A little bit of stress, or rather pressure, can be good occasionally by motivating a person to do a lot at speed which may improve productivity and performance. 

The release of adrenaline and other chemicals within the body in response to a specific threat or danger, commonly called “Flight or Fight”, may be essential to survive or deal with a crisis, and regularly occurs whilst working for the Armed Forces, Police, Fire, Ambulance, Hospital and Prison services as well as a range of civilian occupations. 

If a person believes they have the ability and resources to cope with the demands placed on them, this is positive pressure not stress. 


Stress is defined by the Health and Safety Executive (HSE) as "the adverse reaction people have to excessive pressures or other types of demand placed on them”. 

It is never good.


Stress is the most common cause of long-term absence for both manual and non-manual employees. (CIPD/Simply Health Annual Survey on Absence Management for 2012.) 

Among non-manual employees it is the 2nd most common cause of    short-term absence , after minor illness such as colds/flu, stomach upsets, headaches/migraine etc.

It is the 4th most common cause of short-term absence in manual work after minor illness, musculoskeletal injuries and back pain.  




Being placed under continual physical, emotional or mental pressure results in a disturbed physiological state. If not dealt with quickly and appropriately this leads to a significant and long-term deterioration in health with an            increased risk of various conditions including insomnia, ulcers, anxiety, depression and high blood pressure.

There are risks of strokes, aneurysms, heart attacks, death or suicide.


  • Finance,
  • Workload,
  • Management style or culture,
  • Personal or family relationships,
  • Work relationships; and 
  • Change/restructuring.
 What can you do?

Employers and employees have a duty of care to try and recognise and deal with the symptoms of stress. 

If you have 5 or more employees, a workplace risk assessment about stress-related illness must be completed and measures taken to control the risk.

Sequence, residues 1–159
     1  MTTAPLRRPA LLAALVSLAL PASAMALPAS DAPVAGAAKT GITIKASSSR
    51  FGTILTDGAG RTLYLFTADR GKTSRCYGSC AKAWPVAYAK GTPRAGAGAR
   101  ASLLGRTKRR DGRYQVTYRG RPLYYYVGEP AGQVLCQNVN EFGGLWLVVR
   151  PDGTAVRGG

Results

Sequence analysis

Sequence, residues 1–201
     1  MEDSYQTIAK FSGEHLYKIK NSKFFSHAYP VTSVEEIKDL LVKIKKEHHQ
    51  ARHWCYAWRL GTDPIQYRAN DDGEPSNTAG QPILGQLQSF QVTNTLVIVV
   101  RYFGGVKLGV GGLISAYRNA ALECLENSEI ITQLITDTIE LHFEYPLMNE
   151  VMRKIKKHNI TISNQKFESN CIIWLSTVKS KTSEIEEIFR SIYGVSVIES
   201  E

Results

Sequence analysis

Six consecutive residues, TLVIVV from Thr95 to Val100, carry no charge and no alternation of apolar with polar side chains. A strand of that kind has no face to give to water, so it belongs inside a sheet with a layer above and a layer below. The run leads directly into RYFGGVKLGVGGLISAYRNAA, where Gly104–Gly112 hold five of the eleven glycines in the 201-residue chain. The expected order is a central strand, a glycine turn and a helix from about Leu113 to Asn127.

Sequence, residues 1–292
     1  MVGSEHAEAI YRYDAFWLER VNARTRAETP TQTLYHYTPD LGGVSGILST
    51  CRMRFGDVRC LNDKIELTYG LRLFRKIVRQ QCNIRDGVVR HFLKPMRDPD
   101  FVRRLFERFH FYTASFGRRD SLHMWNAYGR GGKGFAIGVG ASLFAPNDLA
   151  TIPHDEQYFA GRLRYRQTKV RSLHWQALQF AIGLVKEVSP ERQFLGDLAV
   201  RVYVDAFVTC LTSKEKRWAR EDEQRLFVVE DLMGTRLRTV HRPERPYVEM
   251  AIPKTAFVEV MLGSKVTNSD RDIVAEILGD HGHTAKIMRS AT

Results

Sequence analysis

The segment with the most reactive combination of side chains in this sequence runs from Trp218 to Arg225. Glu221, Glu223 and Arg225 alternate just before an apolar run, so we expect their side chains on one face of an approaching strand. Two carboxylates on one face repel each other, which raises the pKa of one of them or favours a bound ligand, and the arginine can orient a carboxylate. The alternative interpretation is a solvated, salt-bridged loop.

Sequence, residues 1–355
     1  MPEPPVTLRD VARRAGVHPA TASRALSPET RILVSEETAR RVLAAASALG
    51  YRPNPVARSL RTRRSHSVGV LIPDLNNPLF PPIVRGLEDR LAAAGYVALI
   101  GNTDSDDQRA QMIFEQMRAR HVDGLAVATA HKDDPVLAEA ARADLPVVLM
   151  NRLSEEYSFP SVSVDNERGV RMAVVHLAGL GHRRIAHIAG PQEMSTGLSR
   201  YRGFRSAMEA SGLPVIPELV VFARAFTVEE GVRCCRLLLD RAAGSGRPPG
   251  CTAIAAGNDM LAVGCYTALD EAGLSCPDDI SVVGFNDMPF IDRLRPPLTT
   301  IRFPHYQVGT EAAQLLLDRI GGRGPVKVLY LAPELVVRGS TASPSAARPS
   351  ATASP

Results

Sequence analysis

The Health and Safety Executive (HSE) has issued Stress Management Standards covering 6 primary sources of stress at work. There is no legal requirement to adhere to these standards though it is advisable to comply with the standards and enhance them as appropriate.

What do we believe?

We believe any or all of the reasons for stress either at home or work impact on working life, and so we actively encourage employers to tackle stress holistically.


What do we do?

We will, either directly or through one of our associates,:-

  • Review existing policies and procedures, to ensure legal compliance, and if there are none introduce them.
  • Encourage you to adopt or adhere to the HSE Stress Management Standards and enhance them through best practice.
  • Conduct a stress risk audit.
  • Help you complete any risk assessments due.
  • Analyse the levels and causes of stress in your workplace, and the impact on individuals and teams.
  • Advise on the impact of future legislation, case law, or organisational change or policy on workplace stress.
  • Produce approved stress action plans.
  • Consult safety representatives (employee or trade union).
  • Assist in briefing directors, managers, and employees.
  • Liaison with other interested parties and external bodies. 
  • Train and raise awareness in managing stress at work.
  • Help managers and employees identify stress symptoms.
  • Support and help manage people suffering from stress.
  • Organise stress counselling and other therapies.
  • Recommend general courses in awareness and self-management of stress.
  • Help reduce costs of stress, absence and presenteeism.

As an Associate Member of the International Stress Management Association UK

I am well-placed to get the right expertise needed and be at the forefront of developments with regards to stress.

Subpages (1): Reasons for Stress